Chopped strand mat, in fabric form, is sold on the roll and in small folded packages. It is made up of 1″-2″ long fiberglass strands that are randomly oriented and typically held together with a styrene-soluble binder that acts like glue connecting the fibers. The binder is designed to dissolve upon contact with styrene in polyester resin or vinylester resin. Once dissolved, the fabric softens, allowing it to drape around curved shapes. It comes in a variety Continue reading →
Many of us at Gougeon Brothers experiment with WEST SYSTEM® products on personal projects at home as well as at work. We often push products and techniques beyond the limits recommended in our literature. Sometimes the experiment fails, sometimes we discover something very useful. Continue reading →
Cover Photo: The 154’7″ Bruce King-designed Scheherazade resting on her massive keel at Hodgdon Yachts in East Boothbay, Maine.
Scheherazade is a 154′ 7″ Bruce King designed ketch under construction at Hodgdon Yachts, in East Boothbay, Maine. Scheherazade is 60% larger than Antonisa, the last Bruce King/Hodgdon Yacht collaboration, and is the largest sailboat under construction in the United States. We first looked at Scheherazade in EPOXYWORKS 17, Spring 2001, before she was rolled and set on her 153,000 lb ballast keel. On a March, 2002 visit, Scheherazade was resting on her massive keel (cover), while far above, surrounded by multiple levels of staging, work continued on her interior and deck (below). Continue reading →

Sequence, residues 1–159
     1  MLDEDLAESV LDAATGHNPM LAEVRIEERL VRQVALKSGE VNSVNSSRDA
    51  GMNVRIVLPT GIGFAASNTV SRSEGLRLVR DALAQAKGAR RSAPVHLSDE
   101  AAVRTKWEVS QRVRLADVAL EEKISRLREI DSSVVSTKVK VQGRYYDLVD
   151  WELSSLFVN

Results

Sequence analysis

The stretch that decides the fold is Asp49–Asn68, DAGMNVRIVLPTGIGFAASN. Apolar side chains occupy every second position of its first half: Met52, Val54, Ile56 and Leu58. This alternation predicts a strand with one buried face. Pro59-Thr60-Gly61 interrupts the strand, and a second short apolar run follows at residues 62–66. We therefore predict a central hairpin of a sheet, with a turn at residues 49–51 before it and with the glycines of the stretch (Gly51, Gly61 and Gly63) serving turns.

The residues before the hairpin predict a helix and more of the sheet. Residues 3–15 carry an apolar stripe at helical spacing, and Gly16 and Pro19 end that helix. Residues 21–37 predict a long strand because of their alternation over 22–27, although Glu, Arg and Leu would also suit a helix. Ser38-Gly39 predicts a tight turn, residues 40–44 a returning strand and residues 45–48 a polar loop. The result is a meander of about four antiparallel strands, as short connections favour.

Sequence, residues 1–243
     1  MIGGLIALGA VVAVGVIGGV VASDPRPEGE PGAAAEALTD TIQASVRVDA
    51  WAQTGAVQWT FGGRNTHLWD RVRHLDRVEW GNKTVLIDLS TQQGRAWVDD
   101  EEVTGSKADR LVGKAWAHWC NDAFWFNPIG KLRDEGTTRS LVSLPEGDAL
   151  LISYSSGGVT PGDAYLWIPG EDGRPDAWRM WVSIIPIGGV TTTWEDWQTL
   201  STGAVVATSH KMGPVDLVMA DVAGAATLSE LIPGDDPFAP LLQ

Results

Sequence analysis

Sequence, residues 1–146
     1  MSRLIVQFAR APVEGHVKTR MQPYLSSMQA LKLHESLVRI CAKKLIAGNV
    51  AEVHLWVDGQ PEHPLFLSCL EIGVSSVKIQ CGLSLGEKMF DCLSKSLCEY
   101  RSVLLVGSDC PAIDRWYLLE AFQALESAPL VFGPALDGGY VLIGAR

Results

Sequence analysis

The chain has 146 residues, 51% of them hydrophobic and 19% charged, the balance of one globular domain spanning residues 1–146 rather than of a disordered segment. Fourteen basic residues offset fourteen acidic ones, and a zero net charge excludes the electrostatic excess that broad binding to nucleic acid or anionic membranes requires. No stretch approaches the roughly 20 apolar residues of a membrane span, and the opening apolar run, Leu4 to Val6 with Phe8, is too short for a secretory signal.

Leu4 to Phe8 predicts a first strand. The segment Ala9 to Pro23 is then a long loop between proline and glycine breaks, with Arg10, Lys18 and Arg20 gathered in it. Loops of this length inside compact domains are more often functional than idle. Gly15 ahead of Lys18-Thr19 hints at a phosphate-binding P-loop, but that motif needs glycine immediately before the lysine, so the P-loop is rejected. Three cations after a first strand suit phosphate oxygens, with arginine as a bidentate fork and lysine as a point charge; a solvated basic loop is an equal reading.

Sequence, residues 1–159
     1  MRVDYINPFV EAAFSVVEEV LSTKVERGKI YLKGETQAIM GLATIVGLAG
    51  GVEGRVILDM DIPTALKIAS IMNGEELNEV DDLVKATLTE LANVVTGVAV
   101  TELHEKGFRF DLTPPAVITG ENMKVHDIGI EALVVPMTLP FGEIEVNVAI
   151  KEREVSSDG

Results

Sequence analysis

This formula will help you estimate the amount of mixed epoxy needed to wet out fiberglass cloth (assuming a resin-to-fiber ratio of 50:50) and apply three rolled epoxy coats to fill the weave of the cloth, i.e. “fill coats.”
The formula includes a waste factor of approximately 15%; however, more (or less) may be needed depending on the job and personal application technique. The epoxy is applied at standard room temperature, approximately 72° F. Continue reading →
Reusable Mixing Sticks are practical mixing, application, filleting and cleaning tools have found many places in our workshop toolboxes, and we believe they will in yours, too. The squared, beveled end reaches into the square corners of the 805 and 806 Mixing Pots for thorough mixing of epoxy and blending of fillers. Continue reading →
A question frequently posed to our technical staff is “can I thin WEST SYSTEM® epoxy so it will flow or penetrate better?” The answer to that question is “yes, but not without consequences.” Many of the advantages of thinning epoxy are offset by disadvantages in other areas of epoxy performance.
Adding a coloring agent to WEST SYSTEM® Epoxy is frequently done to make colored castings, highlight an epoxy coated surface, act as a colored base coat for paint, etc. Most powdered pigments are satisfactory, as are acrylic paste pigments and universal tinting pigment. Continue reading →
Use one full pumps stroke of resin for each one full pump stroke of hardener to get the proper resin-to-hardener ratio.
If you’re ever concerned that your pumps aren’t metering properly, simply mix a test batch of 3 pump strokes each of resin and hardener. Stir thoroughly and make sure it’s fully cured before continuing with your project. Continue reading →
This article about epoxy and oak was originally published in early 1995, and is shared at Epoxyworks.com for historical purposes. A dozen years after this article was written, we developed G/flex epoxies, which are rubber toughened to withstand shock, vibration, expansion and contraction. G/flex epoxies adhere tenaciously to many difficult to bond substrates, including dense and oily wood species like oak. Continue reading →
Epoxy users can find out almost anything they need to know about using WEST SYSTEM epoxy through the instructional materials we produce. We frequently update these publications to give you easy access to the latest information on using epoxy for construction and repair. You’ll find these publications filled with explanations and illustrations covering virtually all aspects of marine repair with epoxy. Continue reading →